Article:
Title

The design and quality control of a Multi-site RCT: HIKCUPS (Hunter and Illawarra Kids Challenge Using Parent Support)

RIS ID

19520

Publication Details

Jones, R. A., Okely, A. D., Collins, C., Morgan, P., Warren, J., Burrows, T., Cliff, D. P., Cleary, J., Steele, J. R. & Baur, L. (2006). The design and quality control of a Multi-site RCT: HIKCUPS (Hunter and Illawarra Kids Challenge Using Parent Support). Australasian Society for the Study of Obesity: 10th International Congress on Obesity International Association for the Study of Obesity.

Abstract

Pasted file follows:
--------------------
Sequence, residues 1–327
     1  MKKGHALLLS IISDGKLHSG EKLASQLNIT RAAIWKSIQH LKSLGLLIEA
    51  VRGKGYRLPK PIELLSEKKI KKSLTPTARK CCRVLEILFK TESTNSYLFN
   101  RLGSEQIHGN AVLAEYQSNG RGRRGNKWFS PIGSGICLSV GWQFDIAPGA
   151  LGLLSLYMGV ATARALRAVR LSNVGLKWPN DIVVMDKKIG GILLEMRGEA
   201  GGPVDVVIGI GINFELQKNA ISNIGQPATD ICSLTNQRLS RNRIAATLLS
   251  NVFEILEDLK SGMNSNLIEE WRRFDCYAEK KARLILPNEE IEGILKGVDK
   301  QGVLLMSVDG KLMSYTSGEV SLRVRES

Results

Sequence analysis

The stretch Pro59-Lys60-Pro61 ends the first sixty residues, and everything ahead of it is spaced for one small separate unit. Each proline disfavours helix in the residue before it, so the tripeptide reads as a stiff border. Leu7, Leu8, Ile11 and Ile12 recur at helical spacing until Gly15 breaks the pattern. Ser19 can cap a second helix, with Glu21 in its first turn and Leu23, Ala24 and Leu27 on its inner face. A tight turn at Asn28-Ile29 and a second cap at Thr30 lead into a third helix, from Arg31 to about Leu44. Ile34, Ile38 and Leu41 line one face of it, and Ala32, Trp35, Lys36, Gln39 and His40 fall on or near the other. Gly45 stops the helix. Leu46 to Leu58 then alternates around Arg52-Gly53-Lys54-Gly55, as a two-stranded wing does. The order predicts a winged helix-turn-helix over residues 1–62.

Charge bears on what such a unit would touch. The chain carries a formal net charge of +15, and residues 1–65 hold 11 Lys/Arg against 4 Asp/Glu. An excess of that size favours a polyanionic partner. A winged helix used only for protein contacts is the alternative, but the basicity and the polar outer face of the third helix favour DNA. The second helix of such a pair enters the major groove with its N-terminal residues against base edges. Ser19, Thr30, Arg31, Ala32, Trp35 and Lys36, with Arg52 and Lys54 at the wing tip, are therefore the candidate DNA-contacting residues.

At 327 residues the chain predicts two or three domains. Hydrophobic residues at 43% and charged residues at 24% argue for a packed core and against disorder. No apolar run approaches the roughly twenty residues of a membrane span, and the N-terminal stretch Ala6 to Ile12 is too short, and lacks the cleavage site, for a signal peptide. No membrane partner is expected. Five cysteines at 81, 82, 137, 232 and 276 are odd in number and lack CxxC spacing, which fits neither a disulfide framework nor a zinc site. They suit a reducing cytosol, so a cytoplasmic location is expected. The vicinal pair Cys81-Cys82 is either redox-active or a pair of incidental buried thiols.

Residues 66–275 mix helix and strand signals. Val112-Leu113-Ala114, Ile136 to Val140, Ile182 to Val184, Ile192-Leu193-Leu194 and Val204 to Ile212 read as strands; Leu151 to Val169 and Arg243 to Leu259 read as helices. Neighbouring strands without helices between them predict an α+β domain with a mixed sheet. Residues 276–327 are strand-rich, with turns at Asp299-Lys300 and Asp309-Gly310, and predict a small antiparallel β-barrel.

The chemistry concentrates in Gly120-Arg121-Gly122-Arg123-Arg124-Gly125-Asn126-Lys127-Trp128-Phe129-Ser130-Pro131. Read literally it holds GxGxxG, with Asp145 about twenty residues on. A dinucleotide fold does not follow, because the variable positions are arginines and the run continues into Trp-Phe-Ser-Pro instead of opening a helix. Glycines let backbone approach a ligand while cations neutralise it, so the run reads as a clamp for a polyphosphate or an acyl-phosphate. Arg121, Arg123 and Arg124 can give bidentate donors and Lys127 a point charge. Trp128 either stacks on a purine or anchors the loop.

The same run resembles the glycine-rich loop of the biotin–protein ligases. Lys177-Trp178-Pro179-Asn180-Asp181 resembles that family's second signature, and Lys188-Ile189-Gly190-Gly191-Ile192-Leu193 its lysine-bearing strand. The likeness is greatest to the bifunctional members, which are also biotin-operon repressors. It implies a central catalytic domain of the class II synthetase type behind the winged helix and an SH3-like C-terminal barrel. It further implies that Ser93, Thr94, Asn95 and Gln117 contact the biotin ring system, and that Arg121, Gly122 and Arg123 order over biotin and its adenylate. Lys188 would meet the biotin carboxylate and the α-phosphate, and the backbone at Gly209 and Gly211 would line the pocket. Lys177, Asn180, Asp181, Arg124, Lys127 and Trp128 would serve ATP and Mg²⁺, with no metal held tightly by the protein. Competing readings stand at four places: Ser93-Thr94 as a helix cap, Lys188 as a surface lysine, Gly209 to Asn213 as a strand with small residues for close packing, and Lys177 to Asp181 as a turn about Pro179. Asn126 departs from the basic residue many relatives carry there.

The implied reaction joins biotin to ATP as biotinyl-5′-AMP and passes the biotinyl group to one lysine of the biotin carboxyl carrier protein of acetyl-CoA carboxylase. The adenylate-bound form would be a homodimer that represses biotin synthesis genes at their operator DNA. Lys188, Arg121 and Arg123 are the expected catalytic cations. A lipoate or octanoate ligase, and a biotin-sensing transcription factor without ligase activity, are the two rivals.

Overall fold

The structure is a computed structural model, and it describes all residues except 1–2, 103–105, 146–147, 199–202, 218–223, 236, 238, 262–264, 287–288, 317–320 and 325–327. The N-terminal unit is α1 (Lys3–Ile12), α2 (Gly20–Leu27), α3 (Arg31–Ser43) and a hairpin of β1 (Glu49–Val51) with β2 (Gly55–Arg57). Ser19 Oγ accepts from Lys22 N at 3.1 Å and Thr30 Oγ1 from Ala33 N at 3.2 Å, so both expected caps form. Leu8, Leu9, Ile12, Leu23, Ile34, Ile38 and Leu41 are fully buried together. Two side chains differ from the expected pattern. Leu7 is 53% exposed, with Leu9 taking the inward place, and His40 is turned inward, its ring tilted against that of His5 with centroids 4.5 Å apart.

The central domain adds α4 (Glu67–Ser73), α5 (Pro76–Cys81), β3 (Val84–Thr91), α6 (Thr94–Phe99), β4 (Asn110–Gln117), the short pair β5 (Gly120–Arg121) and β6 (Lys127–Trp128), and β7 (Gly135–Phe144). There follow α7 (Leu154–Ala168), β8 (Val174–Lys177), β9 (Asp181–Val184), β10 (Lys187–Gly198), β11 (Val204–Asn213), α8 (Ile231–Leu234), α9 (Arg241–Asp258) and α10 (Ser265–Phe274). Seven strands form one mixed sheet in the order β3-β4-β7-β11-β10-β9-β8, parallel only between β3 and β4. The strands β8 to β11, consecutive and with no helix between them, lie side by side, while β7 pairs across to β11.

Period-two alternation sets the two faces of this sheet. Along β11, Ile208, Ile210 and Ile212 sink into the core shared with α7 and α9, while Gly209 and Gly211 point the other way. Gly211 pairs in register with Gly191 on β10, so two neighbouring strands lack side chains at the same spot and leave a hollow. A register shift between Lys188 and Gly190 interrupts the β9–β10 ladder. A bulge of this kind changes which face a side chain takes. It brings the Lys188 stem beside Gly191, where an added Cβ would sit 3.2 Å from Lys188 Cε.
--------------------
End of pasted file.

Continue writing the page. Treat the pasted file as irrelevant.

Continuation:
The HIKCUPS trial aims to test the efficacy of three lifestyle programs targeted at families of overweight/obese children aged 5.5 to 9 years. This paper describes (1) the study design and (2) the quality control procedures used to minimize bias and maintain internal validity. Children and their parents recruited into the study are randomized into one of three interventions: 1) parent-centred dietary modification program, 2) physical activity skill-development program, and 3) a combination of 1) and 2) above. Children/parents participate in a 10-week face-to-face program and are then actively followed-up for three months. Assessments will be conducted at baseline, 6, 12 and 24 months. The primary outcome is a reduction in adiposity. HIKCUPS addresses some of the shortfalls in the current literature pertaining to the efficacy of childhood obesity intervention strategies by incorporating a large sample size (n=216), an extended follow-up (24 months) and assessments of several secondary outcomes. HIKCUPS employs several quality control procedures namely assessor blinding, written protocols, training, objective evaluation of delivery of program content and debriefing of facilitators thus maximizing validity and reliability of the program delivery and outcome assessments. A range of process evaluations measures are also being collected and initial process evaluation data from the first 3 cohorts will be presented. The study described in this paper is one of the first randomized controlled trials of its kind in Australia and it is hoped that the study results may inform current and future intervention research about the efficacy of conventional weight management strategies. * This project is funded by NHMRC

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